19. #cbizmhmwebinar 18 Part I: Fully Benefit‐Responsive Investment Contracts Example: Statements of Net Assets with Adoption, Final 2015 2014 Assets: Investments at fair value $ 600,000 400,000 Fully benefit-responsive investment contracts at contract value 95,000 97,000 Notes receivable from participants 10,000 8,000 Net assets available for benefits $ 705,000 505,000
20. #cbizmhmwebinar 19 Part I: Fully Benefit‐Responsive Investment Contracts • Guidance clarifies that indirect investments in FBRICs through investment companies (e.g., stable value CCTs) are not in the scope of the FBRIC guidance. • Plans should report these investments at fair value. • These funds typically qualify for measuring fair value using the net asset value (NAV) practical expedient. • These funds calculate NAV per share (or its equivalent) in a manner consistent with the measurement principles of ASC 946. • As required by ASC 946, the NAV calculated by the fund is based on “net assets” which includes FBRICs at contract value. • This NAV represents the plan’s fair value since this is the NAV at which the plan transacts with the fund.
21. #cbizmhmwebinar 20 Part I: Fully Benefit‐Responsive Investment Contracts • The amount previously presented as contract value is now presented as fair value. • This does not change total net assets available for benefits. • The investments are now accounted for consistent with other CCTs or similar investment funds and are presented with investments at fair value.
22. #cbizmhmwebinar 21 Part II: Plan Investment Disclosures • Current guidance requires that plans disclose the investments disaggregated by class (i.e. nature, characteristics and risks of the investments). Additionally disaggregation by general type (i.e. common stocks, corporate bonds, mutual funds, etc.) is also required. • The ASU eliminates the need to disaggregate by class meaning investments will be disaggregated only by general type. Additionally, self‐directed brokerage accounts are considered one general type of investments and are still included in the fair value hierarchy table. Applies to investments held in a master trust. • Current guidance also requires the net appreciation or depreciation in fair value of investments by general type and investments with a value equal to or greater than 5% of net assets available for benefits be disclosed. Form 5500 reporting still requires breakout of certain types of unrealized appreciation and depreciation. • The ASU eliminates both requirements. Applies to investments held in a master trust. • No longer required: the significant investment strategies for an investment in a fund that files an annual report on Form 5500 as a direct filing entity when the plan measures that investment using the NAV practical expedient.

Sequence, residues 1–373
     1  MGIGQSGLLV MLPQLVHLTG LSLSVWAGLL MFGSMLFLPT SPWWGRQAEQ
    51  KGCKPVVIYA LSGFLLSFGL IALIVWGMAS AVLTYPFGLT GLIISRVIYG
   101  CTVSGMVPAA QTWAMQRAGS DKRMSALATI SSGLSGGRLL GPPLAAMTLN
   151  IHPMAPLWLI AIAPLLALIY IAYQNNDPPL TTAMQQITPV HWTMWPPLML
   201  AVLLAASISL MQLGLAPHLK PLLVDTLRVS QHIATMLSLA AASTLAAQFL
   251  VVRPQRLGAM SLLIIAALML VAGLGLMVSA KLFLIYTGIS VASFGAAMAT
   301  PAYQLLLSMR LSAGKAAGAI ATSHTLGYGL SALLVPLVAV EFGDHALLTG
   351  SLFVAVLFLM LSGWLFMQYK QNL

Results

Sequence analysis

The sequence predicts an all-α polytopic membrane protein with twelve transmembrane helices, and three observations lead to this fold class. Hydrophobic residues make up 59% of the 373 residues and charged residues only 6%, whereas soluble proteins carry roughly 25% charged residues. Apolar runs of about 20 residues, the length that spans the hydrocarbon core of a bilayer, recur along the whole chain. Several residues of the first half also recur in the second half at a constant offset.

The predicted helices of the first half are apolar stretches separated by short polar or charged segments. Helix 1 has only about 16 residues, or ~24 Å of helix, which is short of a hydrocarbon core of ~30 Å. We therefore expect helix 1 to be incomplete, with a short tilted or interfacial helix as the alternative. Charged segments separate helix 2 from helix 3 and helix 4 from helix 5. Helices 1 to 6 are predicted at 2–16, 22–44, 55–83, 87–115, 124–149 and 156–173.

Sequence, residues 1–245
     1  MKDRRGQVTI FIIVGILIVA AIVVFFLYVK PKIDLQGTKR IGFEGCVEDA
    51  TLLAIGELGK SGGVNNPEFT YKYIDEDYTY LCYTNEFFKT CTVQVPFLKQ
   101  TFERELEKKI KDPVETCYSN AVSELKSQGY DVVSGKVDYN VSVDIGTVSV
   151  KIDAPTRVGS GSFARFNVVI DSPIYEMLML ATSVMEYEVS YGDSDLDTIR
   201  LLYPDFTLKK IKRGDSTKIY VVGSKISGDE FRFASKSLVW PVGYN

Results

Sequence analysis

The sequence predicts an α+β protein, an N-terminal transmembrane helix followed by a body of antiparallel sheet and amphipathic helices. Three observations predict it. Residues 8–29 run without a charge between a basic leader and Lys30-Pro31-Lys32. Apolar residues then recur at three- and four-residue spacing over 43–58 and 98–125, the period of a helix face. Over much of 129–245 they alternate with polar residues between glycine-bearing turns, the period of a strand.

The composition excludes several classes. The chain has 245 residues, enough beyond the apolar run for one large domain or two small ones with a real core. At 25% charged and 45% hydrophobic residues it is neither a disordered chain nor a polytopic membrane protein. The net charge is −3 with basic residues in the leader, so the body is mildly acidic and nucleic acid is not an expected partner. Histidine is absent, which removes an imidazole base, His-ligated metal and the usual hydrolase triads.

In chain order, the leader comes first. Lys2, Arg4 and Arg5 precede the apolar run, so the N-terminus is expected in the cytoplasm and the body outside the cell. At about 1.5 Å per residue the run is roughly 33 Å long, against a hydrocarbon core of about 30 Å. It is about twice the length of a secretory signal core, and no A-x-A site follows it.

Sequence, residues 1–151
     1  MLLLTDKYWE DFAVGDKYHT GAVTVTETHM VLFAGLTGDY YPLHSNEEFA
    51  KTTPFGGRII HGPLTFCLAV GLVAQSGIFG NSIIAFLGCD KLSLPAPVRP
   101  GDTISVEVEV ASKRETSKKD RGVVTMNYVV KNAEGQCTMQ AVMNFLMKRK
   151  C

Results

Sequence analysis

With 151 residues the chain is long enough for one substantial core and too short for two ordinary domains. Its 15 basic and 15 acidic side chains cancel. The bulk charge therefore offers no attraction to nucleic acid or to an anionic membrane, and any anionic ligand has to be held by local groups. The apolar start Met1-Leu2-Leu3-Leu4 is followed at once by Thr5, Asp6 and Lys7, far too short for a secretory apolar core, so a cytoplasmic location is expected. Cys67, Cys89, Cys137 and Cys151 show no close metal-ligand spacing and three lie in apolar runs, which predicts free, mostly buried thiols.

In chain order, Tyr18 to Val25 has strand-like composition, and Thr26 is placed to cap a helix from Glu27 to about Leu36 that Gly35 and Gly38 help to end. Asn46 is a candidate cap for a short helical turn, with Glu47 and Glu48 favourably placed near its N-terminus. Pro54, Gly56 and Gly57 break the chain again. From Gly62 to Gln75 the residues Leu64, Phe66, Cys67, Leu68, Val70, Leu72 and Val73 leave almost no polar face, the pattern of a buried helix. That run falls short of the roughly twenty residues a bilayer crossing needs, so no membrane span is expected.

23. #cbizmhmwebinar 22 Part II: Plan Investment Disclosures Example: Investments at Fair Value Prior to Adoption Level 1 Level 2 Level 3 Total Mutual funds: $ - - - - Index funds - - - - Balance funds - - - - Growth funds - - - - Other funds - - - - Total mutual funds - - - - Common stocks: Industries - - - - Telecommunications - - - - Consumer - - - - Other - - - - Total common stocks - - - - U.S. government securities - - - - Common/collective trust funds:* Equity index funds - - - - Fixed income funds - - - - Total common/collective trust funds - - - - Pooled separate accounts:* Large U.S. equity - - - - Asset allocation - - - - Total pooled separate accounts - - - - Guaranteed interest account - - - - Total investments at fair value $ - - - - Investments at Fair Value as of December 31, 2015